How Scuba Diving Inspired a Realistic Underwater Video Game

Talking 'Abzû' with game developer Matt Nava (artistic director on 'Journey' and 'Flower').
14 August 2016, 11:45am
Images courtesy Giant Squid

When game developer Matt Nava worked as art director on thatgamecompany’s Journey and Flower titles, he helped deliver some incredibly gorgeous and surreal visuals. The games quickly became known for mesmerizing atmosphere, motion, colors and scale—a rarity in the video game world.

After working on these titles, Nava broke off to create a game every bit as beautiful with his new development studio Giant Squid. Titled Abzû, his game is an immersive dive into the depths of the ocean to experience a set of expansive underwater worlds. Players will be dazzled by Nava’s characteristic visuals, as well as Austin Wintory’s score, but Nava also hopes that the immersion will serve as sort of emotional mainline to how we think and feel about the ocean.

“We set out to create an experience that would immerse our players in a beautiful, surreal world, and to deliver a moving, emotional narrative,” Nava tells The Creators Project. “We love the ocean and feel deeply that it is an integral part of all of our lives. After three years of development, we hope Abzû will give our players a glimpse into the beauty and spirit of the ocean.”

Nava says that most Abzû players who have played Journey tell Giant Squid that they feel a resonance between the games. Nava thinks this is great, as it’s natural to see a connection because of the shared art direction. But Nava says that player feedback describes a game with a “unique soul” and of course a quite different message than Journey.

So, the Giant Squid team went scuba diving, whale watching, and took several trips to aquariums, where they studied fish behavior, kelp physics, and water dynamics. They also watched a lot of BBC nature documentaries for visual references, including The Blue Planet.

“We are big fans of Sir David Attenborough and everything he creates,” Nava says. “We were also deeply inspired by Dr. Sylvia Earle, a strong ocean advocate, and her film Mission Blue. Attenborough and Earle are both in the special thanks of Abzû, along with Jacques Cousteau, of course.”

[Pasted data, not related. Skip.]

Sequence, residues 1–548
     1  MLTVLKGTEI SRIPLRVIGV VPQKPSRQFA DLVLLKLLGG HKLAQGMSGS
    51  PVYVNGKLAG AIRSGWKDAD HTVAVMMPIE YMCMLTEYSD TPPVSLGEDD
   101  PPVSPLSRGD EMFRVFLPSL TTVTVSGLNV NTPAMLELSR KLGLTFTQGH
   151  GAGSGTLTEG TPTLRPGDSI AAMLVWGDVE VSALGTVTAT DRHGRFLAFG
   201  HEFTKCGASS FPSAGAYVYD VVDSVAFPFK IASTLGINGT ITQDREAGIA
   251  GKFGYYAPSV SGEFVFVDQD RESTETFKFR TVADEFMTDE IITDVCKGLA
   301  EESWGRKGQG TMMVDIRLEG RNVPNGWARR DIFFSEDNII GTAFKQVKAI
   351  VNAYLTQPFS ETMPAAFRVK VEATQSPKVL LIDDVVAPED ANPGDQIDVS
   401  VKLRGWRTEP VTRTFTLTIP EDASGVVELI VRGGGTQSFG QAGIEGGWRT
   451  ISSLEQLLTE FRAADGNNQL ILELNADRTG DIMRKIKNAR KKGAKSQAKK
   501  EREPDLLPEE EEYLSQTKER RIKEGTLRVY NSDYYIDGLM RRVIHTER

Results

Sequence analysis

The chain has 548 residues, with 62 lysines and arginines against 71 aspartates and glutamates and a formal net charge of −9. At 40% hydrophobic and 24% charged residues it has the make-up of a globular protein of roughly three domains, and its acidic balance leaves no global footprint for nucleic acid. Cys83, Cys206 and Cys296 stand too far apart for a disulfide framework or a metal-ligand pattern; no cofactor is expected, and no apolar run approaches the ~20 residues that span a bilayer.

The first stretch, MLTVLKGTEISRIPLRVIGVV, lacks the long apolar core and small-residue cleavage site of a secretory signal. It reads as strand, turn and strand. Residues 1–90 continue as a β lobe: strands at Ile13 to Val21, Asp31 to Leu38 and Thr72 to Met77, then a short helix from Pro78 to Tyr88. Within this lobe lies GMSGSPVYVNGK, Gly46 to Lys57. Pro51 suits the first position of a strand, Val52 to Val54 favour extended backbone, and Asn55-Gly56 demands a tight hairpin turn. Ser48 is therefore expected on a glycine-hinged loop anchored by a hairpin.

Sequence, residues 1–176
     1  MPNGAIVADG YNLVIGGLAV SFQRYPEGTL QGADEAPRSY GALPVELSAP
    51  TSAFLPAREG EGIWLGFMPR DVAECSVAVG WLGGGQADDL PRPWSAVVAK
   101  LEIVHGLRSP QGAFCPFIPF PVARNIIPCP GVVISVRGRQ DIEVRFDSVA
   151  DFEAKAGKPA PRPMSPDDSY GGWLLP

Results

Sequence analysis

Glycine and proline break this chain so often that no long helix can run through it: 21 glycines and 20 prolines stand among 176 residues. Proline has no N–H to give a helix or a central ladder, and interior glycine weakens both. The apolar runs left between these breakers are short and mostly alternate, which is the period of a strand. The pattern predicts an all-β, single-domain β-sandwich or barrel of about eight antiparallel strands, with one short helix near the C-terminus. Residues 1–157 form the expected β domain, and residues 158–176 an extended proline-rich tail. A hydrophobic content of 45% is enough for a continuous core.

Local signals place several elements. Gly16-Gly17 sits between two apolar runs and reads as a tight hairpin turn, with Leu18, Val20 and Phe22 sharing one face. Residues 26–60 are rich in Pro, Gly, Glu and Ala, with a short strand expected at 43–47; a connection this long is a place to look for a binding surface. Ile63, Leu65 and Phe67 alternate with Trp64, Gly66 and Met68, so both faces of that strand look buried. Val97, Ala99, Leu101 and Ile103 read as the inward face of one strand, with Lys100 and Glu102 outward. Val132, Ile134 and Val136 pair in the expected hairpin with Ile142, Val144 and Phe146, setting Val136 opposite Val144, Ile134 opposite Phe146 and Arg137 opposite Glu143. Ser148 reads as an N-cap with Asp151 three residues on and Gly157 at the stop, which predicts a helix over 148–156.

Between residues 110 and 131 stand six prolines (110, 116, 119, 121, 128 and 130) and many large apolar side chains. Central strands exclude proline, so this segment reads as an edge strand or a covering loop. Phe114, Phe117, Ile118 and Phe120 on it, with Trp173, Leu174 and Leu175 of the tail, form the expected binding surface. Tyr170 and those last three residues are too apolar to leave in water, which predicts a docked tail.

Abzû is built with Unreal Engine 4,” Nava adds. “We created and animated models and characters with Maya 2015 and some Z Brush. Photoshop was used for image manipulation and texture creation.”

Like Journey, there is a sense of realism to Abzû’s visuals blended with a sense of the surreal and fantastical. The hundreds of sea species in Abzû are all based on real creatures from oceans around the world. But when Giant Squid studied these creatures they quickly realized that each fish is infinitely complex in the way it moves, acts and looks. “We very intentionally chose what we felt were the most iconic elements of each species and focused our design on those, the outcome being a stylized representation of the actual thing,” Nava explains. “This approach worked very well in that it help us convey the essence of the creature, while simplifying less important details and reduced the noise.”

Balancing visual noise with clarity was a major mission for Giant Squid. In many areas of the game’s underwater world, fish, kelp leaves, ambient particles, corals, and seagrasses overwhelm the screen. The challenge was to allow for this, while at the same time ensuring that the space was readable. As Nava says, this stylized look is both an aesthetic and functional choice: “Abzû takes you on a tour of undersea biomes, ranging from swaying kelp forests and bright coral reefs to deep pelagic chasms and dark abyssal plains,” he explains. “There are also several secret, very surprising areas that you will discover, and which dramatically change the mood of the game.”

“The environments in Abzû are lush, dense with sealife and vividly colored,” he adds. “If you explore off the beaten path, there are many secrets to find, like secret species and ruined architecture of a long lost civilization. Players have found it rewarding to revisit the game to discover more and connect clues to piece together answers to the mysteries of Abzû.”

Integral to all of this is the sound design and orchestral score, which Nava describes as core features of the game. They have a bit role in setting the game’s mood, and helping the narrative unspool. He says that Wintory’s score changes dynamically based on events triggered during gameplay, boosting what he calls the game's “emotional takeaway." As for the underwater sounds, Giant Squid had to experiment with some novel techniques, as they weren’t exactly sure how sound works underwater.

Amongst the tricks used to make players feel more at home underwater, was the slow muting of music and ambience when surfacing. Nava says this is the exact opposite of what happens in most games, but it made total sense for Abzû.

“We designed the spaces you explore to emphasize the game’s emotional arc with their lighting, murkiness and mood,” he says. “The underwater environment is very expressive—simply pulling in or pushing out the visible distance can create a dramatic shift in the player’s feeling. Since there is no dialogue telling the story in Abzû, we rely heavily on the environments themselves to set the tone and provide insight into the history of this world.”

Abzû is out now. Click here to download and play.


What's It Like to Art Direct a Major Video Game?

What's It Like to Direct Kit Harington in 'Call of Duty: Infinite Warfare'?

'We Happy Few' Is the Perfect Dystopian Video Game for Brexit Blues